Just what is the price of private sector participation in UK infrastructure? Judging by the UK government’s recent announcement, it is pretty high – £40 billion in fact. For that is the amount of loan guarantees needed in order to unblock a number of privately financed infrastructure projects that might otherwise fail to get of the ground.
While potentially a welcome development for the infrastructure industry (if not exactly cheered unanimously as a holy grail) the issue of guarantees do however raise the spectre of something less cheer-worthy.
That is associated moral hazard which could threaten to take the industry into potentially controversial territory.
After all, the message from the UK government is that privately funded infrastructure projects which were supposed to transfer construction, financing and operational risk to the private sector actually need government guarantees for the private sector to sit at the table. Otherwise, they are a non-starter.
This is dangerous and potentially circuitous that may eventually lead people to ask: why use private sector capital at all, if it’s more expensive than public money and now even needs government guarantees?
Following the outbreak of the crisis, the public and private sectors had a readymade answer to this question: private capital is worth using because the private sector is more efficient than government in running these assets, and as such, public-private partnerships (PPP) are still worth the extra cost.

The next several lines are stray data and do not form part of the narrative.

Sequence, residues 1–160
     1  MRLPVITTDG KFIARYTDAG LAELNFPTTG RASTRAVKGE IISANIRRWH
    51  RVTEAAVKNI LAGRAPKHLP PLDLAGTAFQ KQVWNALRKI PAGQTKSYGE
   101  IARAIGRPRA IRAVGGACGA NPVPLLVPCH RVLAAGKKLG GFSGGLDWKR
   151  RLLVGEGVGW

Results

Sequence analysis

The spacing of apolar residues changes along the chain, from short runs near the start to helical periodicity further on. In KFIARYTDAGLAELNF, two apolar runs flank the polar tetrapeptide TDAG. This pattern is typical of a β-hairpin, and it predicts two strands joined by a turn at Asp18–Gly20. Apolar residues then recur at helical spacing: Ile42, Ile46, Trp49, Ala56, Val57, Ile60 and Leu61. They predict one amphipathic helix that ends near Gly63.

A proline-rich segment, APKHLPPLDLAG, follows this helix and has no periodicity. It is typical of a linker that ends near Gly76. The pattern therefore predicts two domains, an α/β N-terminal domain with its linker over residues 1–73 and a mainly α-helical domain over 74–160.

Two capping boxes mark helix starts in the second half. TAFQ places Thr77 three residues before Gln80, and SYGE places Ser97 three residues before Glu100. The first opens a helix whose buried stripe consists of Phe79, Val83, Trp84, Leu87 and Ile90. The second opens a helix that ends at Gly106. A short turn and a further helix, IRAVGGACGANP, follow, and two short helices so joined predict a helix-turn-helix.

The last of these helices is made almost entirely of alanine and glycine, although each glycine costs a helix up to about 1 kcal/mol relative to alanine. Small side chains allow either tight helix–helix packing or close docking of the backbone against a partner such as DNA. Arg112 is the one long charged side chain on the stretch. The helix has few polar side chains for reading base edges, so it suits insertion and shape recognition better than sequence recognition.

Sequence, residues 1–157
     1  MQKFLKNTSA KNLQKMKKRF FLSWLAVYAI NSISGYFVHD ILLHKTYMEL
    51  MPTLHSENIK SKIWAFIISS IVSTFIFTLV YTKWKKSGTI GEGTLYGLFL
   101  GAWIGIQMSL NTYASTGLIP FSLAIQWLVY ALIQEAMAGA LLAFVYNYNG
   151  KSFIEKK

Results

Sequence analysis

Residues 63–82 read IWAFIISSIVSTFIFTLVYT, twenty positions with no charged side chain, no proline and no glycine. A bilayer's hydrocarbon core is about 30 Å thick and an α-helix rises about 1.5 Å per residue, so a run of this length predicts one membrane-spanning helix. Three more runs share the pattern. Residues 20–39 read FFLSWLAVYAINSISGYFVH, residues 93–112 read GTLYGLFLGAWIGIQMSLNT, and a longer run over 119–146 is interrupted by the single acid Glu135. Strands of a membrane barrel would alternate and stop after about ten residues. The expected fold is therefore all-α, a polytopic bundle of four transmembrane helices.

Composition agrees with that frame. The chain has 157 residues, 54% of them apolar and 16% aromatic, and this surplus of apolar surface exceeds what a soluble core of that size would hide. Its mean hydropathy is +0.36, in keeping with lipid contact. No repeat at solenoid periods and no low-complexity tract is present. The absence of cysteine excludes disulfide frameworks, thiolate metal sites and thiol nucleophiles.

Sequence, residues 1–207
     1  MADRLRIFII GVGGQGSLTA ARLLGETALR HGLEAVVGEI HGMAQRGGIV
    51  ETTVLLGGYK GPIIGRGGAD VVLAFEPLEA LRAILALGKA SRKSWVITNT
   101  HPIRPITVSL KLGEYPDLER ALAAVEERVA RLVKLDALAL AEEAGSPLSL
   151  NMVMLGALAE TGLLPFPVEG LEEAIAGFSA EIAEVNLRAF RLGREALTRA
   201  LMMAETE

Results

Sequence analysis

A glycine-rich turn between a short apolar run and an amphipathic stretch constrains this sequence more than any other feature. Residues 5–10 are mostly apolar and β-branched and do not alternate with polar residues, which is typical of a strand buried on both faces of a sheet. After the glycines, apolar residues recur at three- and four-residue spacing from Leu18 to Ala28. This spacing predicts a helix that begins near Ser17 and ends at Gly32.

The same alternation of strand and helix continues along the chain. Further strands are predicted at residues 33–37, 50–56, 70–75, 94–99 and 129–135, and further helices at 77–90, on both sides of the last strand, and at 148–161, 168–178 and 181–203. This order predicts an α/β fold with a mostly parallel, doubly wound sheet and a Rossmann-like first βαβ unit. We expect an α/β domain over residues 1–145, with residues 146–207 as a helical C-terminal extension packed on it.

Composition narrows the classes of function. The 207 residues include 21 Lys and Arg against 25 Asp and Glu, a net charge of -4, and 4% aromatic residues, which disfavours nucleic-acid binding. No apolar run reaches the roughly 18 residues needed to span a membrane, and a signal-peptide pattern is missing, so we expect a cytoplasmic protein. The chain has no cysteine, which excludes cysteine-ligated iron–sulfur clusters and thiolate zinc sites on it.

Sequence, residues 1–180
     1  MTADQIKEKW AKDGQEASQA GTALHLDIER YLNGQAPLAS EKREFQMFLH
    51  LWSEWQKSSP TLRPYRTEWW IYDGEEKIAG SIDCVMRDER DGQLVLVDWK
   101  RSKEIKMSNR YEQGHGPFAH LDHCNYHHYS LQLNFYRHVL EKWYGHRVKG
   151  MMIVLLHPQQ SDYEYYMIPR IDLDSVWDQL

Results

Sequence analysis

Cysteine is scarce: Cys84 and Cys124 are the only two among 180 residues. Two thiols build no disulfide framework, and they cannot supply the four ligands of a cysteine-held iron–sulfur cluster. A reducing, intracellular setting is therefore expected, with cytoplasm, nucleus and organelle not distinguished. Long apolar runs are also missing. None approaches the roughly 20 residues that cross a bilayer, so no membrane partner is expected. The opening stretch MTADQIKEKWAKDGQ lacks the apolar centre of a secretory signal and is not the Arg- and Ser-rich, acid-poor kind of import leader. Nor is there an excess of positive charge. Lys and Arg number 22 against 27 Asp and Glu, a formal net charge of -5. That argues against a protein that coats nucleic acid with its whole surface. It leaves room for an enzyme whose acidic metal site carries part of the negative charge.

But unfortunately for the UK Treasury, which announced the £40 billion figure, its guarantees scheme comes in the midst of one of the most damaging private sector scandals in recent memory. Private security firm G4S, responsible for handling security at the Olympic Games, was forced to embarrassingly admit, just a few weeks before this Friday’s opening ceremony, that it would be unable to fulfil its contractual obligations.
In a nutshell, the security firm said it wouldn’t be able to provide enough personnel for the games, even though that’s exactly what it was paid to do. To make matters worse, G4S’ embattled chief executive then went on to tell Parliament that his firm fully intended to keep its £57 million management fee, since it still expected “to deliver a significant amount of staff”.
Needless to say, G4S’ blunder opened the door to a maelstrom of anti-private sector rhetoric and reignited the debate on the suitability of outsourcing traditional public services to private companies.
It’s precisely in this environment that people will be asking why the government is not only proposing to outsource more infrastructure to the private sector, but going further and offering guarantees in order for the private sector to come to the table.
Of course we in the industry know how useful these guarantees can be to kick-start investment in these difficult times. We also know they can potentially unlock a big source of capital – institutional money – that has otherwise been unable to participate in new-build projects. And finally, we know that the bulk of these guarantees will never be drawn upon.
But the industry doesn’t exist in a vacuum. At a time when the private sector is under increasing scrutiny from the media and the public, the government and its private sector partners need to be ready to highlight the positives of such a scheme – or risk facing a ‘villagers at the gate’ type of moment in a few years’ time.